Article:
Tuesday, August 16News For London

Can a mobile app really support young people’s mental health?

TalkLife has been named one of the Nominet 100, a guide that “celebrates the global pioneers who are using digital technology to change millions of lives for the better”.

Source: Keiran Dudden

In 2015 mental health patients have faced journeys of up to 370 miles for emergency beds where local services have struggled to meet demand according to research by Community Care.

This strain on emergency mental health services has led professionals to look to technology in the community to reduce the number of admissions.

Jamie Druitt, an app developer, had a tough time following the breakdown of a long-term relationship. He wanted to talk about it but didn’t want to burden his friends and family. Jamie wanted to share his experience but didn’t want to be that person ‘whining’ on Facebook but he did want someone to listen.

Fully recovered, Jamie created TalkLife to help others going through similar experiences. It acts as a “peer-to-peer support network” that offers a place where users can talk about difficult experiences that they may not be able to share with friends or family.

TalkLife is designed as place where 16–24 year-olds can talk about their issues, from breakups and money worries to thoughts about self-harm and suicide. The service enables users who are going through similar experiences respond with words of encouragement and support. People can create profiles or post anonymously.

The app currently hosts over 8,000 users and receives over 14,000 posts everyday. Celebrity mental health advocate Stephen Fry has also tweeted his approval:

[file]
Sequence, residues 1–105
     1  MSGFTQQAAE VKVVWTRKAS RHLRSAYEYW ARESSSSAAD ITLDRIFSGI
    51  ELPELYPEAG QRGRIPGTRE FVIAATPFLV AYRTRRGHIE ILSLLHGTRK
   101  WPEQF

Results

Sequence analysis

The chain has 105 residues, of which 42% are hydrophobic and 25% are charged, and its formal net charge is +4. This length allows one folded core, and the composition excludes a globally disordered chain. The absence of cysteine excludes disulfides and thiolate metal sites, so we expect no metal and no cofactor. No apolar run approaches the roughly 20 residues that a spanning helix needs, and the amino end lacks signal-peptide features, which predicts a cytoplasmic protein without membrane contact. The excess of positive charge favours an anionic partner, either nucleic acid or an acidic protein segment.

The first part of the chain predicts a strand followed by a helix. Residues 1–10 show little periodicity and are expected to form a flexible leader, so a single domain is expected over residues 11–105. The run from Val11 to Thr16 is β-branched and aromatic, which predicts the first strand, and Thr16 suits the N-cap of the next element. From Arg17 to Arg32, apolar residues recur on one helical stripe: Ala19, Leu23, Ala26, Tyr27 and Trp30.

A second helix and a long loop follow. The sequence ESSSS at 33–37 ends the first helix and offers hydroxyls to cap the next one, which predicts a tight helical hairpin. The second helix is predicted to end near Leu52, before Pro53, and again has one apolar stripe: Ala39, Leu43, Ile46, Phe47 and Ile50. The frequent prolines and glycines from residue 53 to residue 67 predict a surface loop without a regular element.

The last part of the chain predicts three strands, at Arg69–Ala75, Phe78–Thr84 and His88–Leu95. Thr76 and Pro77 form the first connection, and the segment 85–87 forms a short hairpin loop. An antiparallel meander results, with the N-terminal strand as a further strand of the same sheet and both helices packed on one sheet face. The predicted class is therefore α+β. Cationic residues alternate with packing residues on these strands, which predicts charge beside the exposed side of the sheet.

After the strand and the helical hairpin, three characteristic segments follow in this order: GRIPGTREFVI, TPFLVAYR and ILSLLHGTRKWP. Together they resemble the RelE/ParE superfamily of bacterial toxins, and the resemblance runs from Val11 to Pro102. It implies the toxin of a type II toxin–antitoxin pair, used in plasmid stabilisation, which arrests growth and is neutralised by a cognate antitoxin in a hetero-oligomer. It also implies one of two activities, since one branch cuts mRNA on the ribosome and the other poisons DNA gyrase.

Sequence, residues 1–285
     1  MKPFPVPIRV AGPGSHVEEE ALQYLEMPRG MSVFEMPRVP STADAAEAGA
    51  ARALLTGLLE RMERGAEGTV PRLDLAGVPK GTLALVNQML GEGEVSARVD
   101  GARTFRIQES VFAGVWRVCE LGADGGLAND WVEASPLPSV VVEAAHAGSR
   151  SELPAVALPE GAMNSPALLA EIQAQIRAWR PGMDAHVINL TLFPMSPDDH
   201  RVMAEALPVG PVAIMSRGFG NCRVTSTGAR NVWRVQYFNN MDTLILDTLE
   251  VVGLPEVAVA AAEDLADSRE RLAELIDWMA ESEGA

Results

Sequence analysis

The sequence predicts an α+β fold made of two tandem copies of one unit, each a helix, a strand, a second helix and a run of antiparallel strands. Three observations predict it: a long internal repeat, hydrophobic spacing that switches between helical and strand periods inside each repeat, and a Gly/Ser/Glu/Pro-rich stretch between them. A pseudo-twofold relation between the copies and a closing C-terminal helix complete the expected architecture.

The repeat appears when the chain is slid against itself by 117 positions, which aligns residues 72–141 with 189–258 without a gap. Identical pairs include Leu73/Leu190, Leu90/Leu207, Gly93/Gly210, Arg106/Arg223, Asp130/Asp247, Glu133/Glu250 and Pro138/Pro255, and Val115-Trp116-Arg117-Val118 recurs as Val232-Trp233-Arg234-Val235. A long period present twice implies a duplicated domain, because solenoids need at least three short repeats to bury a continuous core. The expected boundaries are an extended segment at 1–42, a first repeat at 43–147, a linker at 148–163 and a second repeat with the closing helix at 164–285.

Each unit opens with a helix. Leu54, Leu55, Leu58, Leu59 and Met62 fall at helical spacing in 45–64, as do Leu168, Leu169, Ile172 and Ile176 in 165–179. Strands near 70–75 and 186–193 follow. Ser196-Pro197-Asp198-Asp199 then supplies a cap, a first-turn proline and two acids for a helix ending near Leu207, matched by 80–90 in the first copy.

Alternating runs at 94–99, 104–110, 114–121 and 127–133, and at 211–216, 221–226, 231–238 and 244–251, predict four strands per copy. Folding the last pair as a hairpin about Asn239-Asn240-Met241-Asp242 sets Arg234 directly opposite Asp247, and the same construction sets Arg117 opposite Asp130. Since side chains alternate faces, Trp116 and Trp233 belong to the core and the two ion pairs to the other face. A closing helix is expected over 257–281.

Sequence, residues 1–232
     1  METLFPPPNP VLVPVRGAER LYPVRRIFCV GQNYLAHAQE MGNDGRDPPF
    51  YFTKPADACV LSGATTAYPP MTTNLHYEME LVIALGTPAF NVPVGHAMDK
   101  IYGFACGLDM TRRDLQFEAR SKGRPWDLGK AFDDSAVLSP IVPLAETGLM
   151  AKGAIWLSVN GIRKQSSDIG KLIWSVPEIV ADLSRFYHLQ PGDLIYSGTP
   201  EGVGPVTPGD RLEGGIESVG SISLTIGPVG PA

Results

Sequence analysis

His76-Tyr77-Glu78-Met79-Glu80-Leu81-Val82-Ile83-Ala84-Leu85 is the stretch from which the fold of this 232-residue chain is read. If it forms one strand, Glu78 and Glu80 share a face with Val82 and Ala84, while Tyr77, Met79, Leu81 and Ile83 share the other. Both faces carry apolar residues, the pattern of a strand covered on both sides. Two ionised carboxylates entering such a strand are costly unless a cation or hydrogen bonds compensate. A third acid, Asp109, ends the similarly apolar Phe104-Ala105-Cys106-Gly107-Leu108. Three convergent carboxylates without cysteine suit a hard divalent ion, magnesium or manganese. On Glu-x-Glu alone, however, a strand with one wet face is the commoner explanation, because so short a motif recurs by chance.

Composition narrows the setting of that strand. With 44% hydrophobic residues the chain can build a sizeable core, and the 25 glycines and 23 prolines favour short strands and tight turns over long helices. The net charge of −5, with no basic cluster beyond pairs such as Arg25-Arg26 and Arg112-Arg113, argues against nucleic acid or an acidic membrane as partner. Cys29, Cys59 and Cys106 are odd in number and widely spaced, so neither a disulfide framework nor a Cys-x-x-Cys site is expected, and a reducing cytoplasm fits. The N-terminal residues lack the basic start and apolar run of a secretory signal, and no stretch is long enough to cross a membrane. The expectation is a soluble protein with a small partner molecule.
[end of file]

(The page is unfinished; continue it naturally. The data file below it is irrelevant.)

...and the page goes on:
The Royal College of Psychiatrists say peer support has a protective influence against mental health symptoms, particularly where peers have had similar life experiences.

Cure or disease?

Not all health professionals are so positive about the role of technology.  Amber Taylor, a Psychology Assistant who has worked in NHS mental health services for the last six years, raises a number of issues with the concept when speaking to Westminster World:

“As a Psychological Wellbeing Practitioner I would see a lot of young people. We are a generation of growing opportunities and technology so when our mobiles, computers, netbooks and kindles are always switched on it can become harder to switch off.”

She added : “This may explain the growing prevalence of anxiety and low mood which we are now seeing.”

Amber also raises concerns about TalkLife’s security: “It is difficult to know who’s who online. It is also established that eating disorders in particular have a culture of online encouragement”

The app claims to tackle trolls and unhelpful content in three main ways:

  • Community Flagging – Everyone who uses the app can flag posts as offensive or negative to be moderated by administrators
  • ‘The Anti Bullying Crew’ – The most highly engaged users are invited to become part of the Anti-Bullying Crew. This “Crew” have the ability to remove negative posts.
  • Trigger Warnings system – When each account is set up, users can choose topics that they find distressing. The App then attempts to filter posts with related content.


Emergency Support

A ‘Professional Help button’ is displayed in the main menu. This button directs users to emergency helplines in their area.

The app also has a ‘Safety Net’ that it claims can identify posts indicating that a user is in crisis. The app then messages them, encouraging them to seek help from friends.

With funding cuts in health and social care announced in the Novembers spending review many mental health professionals are under growing pressure. But the role of apps like TalkLife can play in providing relief for is yet to be established.